Golden lion tamarins are characterized by using manipulative foraging under tree barks and epiphytic bromeliads. Their sites of foraging are usually distributed around their home ranges, which are large territories (averaging 123 hectares) in which multiple foraging sites are located, to find sufficient resources over long periods of time. These areas are sufficient enough in size so that even if there is overlap in between the home range of two different groups, the interactions are minimal due to the distribution of the foraging sites (they spend 50% of their time in approximately 11% of their home range).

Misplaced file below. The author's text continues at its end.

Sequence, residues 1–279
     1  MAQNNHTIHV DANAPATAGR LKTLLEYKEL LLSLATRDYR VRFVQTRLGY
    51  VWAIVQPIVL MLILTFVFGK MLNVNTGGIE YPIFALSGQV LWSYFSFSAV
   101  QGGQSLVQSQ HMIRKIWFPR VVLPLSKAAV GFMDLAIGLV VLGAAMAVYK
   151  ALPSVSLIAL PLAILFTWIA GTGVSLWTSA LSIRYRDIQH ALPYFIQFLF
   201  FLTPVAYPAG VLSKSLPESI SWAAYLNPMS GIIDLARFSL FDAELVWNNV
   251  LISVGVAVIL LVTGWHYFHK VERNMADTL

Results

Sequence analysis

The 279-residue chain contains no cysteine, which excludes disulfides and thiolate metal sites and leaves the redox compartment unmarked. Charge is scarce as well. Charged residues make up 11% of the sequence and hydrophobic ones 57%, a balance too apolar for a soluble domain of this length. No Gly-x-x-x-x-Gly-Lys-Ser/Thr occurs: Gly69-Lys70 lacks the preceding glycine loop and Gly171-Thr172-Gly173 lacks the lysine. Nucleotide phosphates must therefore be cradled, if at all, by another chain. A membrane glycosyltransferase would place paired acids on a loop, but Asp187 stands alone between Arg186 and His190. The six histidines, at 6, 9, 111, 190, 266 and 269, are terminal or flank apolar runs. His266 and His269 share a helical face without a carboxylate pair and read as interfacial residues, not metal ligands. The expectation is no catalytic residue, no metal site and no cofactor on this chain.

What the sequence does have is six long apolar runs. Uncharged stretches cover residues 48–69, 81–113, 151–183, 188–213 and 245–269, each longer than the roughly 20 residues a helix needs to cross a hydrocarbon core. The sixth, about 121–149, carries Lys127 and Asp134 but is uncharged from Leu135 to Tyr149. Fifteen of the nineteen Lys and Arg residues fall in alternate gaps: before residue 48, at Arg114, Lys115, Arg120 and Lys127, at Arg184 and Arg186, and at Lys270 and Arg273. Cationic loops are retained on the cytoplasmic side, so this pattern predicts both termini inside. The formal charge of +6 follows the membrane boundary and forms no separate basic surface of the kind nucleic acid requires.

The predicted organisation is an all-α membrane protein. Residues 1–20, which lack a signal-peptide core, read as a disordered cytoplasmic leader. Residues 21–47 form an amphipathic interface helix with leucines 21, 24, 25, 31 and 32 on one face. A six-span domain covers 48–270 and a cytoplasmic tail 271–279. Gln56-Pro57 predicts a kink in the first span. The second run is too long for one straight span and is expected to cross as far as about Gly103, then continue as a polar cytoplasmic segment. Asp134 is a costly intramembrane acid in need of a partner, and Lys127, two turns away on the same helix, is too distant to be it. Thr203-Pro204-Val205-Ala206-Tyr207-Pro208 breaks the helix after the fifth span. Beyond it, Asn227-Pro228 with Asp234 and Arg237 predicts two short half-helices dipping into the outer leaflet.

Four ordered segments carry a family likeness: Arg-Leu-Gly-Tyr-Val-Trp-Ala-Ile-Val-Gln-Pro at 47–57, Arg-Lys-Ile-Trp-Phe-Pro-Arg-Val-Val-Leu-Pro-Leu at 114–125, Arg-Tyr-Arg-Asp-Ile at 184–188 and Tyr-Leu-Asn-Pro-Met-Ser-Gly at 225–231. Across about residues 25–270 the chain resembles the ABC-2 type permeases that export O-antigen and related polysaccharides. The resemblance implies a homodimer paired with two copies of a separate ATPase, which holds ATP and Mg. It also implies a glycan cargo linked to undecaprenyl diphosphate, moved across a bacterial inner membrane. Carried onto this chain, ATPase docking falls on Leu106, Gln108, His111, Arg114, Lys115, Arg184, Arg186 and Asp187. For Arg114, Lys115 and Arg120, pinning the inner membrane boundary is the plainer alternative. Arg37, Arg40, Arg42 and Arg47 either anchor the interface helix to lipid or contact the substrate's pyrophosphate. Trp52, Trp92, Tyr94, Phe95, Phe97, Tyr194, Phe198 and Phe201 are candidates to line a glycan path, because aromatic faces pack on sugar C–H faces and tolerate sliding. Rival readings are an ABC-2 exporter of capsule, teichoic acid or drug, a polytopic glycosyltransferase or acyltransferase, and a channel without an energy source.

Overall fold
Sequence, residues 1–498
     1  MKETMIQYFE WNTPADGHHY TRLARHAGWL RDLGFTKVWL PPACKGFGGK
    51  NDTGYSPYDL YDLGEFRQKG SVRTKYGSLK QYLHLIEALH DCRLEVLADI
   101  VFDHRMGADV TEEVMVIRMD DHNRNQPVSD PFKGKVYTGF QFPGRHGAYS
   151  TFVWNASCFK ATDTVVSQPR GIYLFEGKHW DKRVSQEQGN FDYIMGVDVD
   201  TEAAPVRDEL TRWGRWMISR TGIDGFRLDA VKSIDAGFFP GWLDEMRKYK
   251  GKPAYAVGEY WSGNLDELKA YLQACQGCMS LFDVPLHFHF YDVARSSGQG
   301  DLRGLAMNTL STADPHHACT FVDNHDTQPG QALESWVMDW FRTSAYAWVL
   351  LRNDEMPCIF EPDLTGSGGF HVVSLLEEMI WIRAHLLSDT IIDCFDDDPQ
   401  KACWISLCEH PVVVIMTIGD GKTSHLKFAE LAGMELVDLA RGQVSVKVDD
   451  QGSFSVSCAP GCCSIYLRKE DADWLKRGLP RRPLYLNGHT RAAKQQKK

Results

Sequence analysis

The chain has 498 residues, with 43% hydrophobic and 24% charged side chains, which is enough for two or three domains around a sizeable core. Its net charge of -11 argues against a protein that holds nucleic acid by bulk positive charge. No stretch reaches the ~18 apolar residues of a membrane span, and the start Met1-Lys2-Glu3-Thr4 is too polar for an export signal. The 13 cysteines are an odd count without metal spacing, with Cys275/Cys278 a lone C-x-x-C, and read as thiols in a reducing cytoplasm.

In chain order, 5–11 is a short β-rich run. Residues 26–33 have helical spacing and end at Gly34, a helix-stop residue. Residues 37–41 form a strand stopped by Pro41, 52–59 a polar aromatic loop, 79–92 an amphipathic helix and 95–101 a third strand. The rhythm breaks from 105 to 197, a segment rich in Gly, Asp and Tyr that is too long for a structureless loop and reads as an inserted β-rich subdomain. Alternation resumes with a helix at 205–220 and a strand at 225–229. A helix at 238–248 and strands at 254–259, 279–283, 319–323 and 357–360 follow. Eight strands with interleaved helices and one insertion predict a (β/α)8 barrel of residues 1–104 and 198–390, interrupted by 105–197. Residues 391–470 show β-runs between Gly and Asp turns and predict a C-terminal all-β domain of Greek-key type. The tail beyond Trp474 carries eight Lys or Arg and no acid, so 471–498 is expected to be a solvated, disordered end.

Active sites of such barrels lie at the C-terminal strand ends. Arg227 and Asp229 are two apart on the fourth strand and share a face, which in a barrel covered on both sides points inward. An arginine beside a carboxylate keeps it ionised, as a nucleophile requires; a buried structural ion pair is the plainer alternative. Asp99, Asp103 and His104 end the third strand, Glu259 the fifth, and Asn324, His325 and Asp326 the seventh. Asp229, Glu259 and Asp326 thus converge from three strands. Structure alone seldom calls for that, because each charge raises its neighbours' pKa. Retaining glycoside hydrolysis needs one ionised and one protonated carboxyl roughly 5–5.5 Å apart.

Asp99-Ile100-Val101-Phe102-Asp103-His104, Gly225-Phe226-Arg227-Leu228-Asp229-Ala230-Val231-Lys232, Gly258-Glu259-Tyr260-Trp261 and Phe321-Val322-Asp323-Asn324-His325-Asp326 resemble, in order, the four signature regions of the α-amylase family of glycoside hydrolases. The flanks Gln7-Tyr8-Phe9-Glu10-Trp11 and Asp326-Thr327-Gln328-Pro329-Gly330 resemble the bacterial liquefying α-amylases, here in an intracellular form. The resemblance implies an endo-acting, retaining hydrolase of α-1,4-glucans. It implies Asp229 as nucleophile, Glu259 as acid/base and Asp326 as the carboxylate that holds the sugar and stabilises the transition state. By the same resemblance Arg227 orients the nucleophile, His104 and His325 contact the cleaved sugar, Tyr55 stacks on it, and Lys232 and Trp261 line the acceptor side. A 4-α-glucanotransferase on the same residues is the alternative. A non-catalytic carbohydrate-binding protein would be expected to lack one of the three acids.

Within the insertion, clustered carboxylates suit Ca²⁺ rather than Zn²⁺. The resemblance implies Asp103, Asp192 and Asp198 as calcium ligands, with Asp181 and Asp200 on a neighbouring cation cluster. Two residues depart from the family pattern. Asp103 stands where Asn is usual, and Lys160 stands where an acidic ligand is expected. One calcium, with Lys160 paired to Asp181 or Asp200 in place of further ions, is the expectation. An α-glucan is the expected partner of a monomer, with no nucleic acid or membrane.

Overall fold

The golden lion tamarin has a diverse, omnivorous diet consisting of fruits, flowers, nectar, bird eggs, insects and small vertebrates. They rely on microhabitats for foraging and other daily activities and tamarins will use bromeliads, palm crowns, palm leaf sheaths, woody crevices, lianas, vine tangles, tree bark, rotten logs, and leaf litters. The golden lion tamarin uses its fingers to extract prey from crevices, under leaves, and in dense growth; a behavior known as micromanipulation. It is made possible by elongated hands and fingers. Insects make up to 10–15% of its diet. Much of the rest is made of small, sweet, pulpy fruits. During the rainy season, the golden lion tamarin mainly eats fruit, however during drier times, it must eat more of other foods like nectar and gums. Small vertebrates are also consumed more at these times as insects become less abundant.